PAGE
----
The mayor's update to the council took place under the new normal — no citizens in the seats, councilors sitting more than 6 feet apart and three councilors connected by phone.
The executive office's emergency order last week allowed for governmental bodies to meet remotely and prohibit citizens to prevent further spread of the coronavirus that has killed more than 700 across the nation and two in Berkshire County.
There were a few technical troubles as Councilor Robert Moulton Jr. had difficulty logging into Zoom and then ended up on both Councilor Marie T. Harpin's phone and the conference phone. Both were resolved fairly swiftly.
"We're kind of like in the twilight zone tonight," said Councilor Wayne Wilkinson, who attended in person with Councilors Lisa Blackmer, Keith Bona, Harpin, President Paul Hopkins and Jason LaForest. Moulton, Benjamin Lamb and Jessica Sweeney dialed in. "We're all sitting six feet apart. The city clerk is in the timeout corner over there. And it's all, it's all kind of surreal."
The council postponed until the end of May and early June a half-dozen orders related to the Public Arts Commission, public safety, and a community working group.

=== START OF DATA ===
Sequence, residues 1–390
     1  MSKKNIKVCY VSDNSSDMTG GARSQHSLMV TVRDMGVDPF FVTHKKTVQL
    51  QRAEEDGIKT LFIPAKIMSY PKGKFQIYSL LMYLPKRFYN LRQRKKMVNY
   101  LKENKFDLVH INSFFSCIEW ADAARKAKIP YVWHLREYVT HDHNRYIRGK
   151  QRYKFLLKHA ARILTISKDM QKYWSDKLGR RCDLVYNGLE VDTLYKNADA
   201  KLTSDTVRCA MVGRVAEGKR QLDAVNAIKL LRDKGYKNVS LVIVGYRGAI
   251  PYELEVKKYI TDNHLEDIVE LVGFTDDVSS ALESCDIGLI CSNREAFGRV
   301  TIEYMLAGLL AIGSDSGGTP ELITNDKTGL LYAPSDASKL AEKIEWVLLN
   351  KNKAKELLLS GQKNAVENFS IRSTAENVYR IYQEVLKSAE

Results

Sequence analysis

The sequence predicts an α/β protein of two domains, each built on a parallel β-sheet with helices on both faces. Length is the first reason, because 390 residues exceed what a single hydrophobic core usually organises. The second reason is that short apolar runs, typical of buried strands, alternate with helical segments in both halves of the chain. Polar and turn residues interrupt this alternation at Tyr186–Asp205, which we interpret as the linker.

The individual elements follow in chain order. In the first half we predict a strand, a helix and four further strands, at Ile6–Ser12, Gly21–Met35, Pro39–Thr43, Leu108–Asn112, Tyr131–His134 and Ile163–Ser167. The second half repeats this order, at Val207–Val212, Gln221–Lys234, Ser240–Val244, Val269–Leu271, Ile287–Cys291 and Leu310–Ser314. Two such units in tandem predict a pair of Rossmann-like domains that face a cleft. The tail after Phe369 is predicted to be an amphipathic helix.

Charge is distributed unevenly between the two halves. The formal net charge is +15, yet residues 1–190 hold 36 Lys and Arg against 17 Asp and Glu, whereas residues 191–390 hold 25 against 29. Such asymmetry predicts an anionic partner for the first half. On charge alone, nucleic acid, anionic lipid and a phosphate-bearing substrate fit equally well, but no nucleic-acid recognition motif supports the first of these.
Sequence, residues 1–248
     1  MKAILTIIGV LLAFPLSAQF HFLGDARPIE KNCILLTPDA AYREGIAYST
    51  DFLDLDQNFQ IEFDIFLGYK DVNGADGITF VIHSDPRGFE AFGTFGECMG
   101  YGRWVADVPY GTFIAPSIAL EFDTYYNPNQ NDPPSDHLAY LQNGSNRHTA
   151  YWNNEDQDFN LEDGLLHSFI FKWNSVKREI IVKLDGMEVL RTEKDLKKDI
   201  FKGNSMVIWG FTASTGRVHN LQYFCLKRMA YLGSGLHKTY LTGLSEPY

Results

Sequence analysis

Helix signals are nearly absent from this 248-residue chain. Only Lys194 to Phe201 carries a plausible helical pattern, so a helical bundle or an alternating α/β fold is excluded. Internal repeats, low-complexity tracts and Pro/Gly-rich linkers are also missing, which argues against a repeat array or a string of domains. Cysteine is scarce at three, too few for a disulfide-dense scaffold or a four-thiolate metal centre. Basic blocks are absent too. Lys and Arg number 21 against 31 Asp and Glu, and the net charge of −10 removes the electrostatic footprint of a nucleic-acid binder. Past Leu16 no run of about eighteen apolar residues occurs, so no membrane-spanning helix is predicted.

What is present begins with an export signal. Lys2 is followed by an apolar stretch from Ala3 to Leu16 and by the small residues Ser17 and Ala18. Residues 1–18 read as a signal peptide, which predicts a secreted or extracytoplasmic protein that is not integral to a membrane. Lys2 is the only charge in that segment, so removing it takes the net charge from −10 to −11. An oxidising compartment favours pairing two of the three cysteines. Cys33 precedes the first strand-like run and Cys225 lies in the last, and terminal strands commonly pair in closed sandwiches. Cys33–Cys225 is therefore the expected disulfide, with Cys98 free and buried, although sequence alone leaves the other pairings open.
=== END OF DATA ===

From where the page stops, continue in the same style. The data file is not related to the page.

A request to declare the former Jarisch Box Co. land surplus was withdrawn at the mayor's request and the council approved the reappointment of Robert Burdick to the Planning Board for a term to expire Feb. 1, 2025, and to lift the winter parking ban as of April 1.
Bernard said he had not intended to return with this issue after changing the winter ban from April 30 to April 15 last year. Nor, he joked, had he been aware of the forecast that left a half-foot of snow on Monday.
"However, with a lot of other pressures on people's minds right now, if we can lift this particular concern from from people a little earlier I think it's just a, you know a small gesture on the part of the city that hopefully will be will be appreciated."
A request by the Department of Conservation and Recreation to waive the 120-day notice prior to acquiring land in the city was postponed with a request for more information. The DCR is seeking to buy two lots totaling 45 acres but councilors had questions about the ownership of one of the lots and the reasoning behind the purchase.